An earthquake is building in Tuesday’s California elections that could rattle the political landscape from coast to coast.
In Los Angeles and San Francisco, two of the nation’s most liberal large cities, voters are poised to send stinging messages of discontent over mounting public disorder, as measured in both upticks in certain kinds of crime and pervasive homelessness.
That dissatisfaction could translate into the recall of San Francisco’s left-leaning district attorney, Chesa Boudin, likely by a resounding margin, and a strong showing in the Los Angeles mayoral primary by Rick Caruso, a billionaire real estate developer and former Republican who has emerged as the leading alternative in the race to Democratic US Rep. Karen Bass, once considered the front-runner.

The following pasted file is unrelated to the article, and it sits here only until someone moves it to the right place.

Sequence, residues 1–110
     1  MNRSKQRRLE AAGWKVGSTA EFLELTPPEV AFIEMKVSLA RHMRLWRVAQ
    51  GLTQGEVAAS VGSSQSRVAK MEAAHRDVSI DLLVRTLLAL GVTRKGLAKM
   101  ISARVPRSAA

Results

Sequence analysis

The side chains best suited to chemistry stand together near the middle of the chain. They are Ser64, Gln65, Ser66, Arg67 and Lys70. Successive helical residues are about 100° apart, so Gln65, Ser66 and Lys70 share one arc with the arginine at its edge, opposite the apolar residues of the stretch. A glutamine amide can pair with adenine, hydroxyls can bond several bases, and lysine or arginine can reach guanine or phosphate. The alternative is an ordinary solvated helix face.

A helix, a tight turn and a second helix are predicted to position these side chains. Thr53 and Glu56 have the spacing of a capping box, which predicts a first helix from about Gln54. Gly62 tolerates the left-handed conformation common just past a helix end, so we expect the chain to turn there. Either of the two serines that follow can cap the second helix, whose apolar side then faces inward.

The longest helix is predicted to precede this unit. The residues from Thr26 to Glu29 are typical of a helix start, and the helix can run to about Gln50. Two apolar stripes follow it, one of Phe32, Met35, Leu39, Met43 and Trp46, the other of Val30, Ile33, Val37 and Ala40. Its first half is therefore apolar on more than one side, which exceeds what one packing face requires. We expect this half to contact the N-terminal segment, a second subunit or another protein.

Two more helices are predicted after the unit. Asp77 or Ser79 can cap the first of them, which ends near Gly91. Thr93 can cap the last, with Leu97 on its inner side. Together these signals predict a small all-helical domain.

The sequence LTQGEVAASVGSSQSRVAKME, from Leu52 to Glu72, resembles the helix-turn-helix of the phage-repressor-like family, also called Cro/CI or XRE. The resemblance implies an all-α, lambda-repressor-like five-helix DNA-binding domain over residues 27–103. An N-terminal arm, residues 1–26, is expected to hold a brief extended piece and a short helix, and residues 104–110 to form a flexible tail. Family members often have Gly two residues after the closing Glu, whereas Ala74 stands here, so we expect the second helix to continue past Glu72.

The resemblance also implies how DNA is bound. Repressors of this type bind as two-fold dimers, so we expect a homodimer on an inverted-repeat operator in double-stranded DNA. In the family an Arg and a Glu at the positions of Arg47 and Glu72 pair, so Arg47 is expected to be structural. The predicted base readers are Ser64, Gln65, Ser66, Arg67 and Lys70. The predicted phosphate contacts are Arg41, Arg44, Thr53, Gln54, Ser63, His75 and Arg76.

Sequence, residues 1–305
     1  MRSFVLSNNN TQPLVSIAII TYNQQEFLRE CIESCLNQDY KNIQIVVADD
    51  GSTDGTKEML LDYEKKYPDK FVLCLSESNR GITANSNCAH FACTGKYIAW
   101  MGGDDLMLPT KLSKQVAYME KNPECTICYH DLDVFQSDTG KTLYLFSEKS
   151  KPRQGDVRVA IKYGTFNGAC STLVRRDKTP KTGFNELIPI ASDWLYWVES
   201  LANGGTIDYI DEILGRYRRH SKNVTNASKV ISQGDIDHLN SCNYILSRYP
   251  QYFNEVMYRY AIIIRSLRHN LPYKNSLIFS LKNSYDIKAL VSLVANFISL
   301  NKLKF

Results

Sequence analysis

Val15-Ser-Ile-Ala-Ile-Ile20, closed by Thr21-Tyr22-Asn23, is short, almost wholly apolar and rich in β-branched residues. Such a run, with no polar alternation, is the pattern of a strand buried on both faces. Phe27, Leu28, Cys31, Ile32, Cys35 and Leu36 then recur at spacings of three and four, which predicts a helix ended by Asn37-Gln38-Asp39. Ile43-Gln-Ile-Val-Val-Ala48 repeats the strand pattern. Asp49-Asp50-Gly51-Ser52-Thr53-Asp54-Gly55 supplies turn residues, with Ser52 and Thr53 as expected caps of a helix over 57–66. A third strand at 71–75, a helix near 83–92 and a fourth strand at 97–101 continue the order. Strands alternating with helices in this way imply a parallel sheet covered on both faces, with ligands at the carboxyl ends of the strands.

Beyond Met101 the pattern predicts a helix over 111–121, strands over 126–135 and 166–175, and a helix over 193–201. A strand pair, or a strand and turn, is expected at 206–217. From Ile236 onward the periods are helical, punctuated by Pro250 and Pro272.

Linking both these contests – as well as several Los Angeles City Council races and an ongoing effort to recall George Gascon, Los Angeles County’s left-leaning district attorney – is a widespread sense among voters in both cities that local government is failing at its most basic responsibility: to ensure public safety and order. It’s a sentiment similar to the anxiety over urban disarray that inspired the “broken windows” policing theory during the 1980s, and contributed to the election of Republican Mayors Rudy Giuliani and Richard Riordan in New York and Los Angeles, respectively, amid the cascading violence of the crack epidemic in the early 1990s.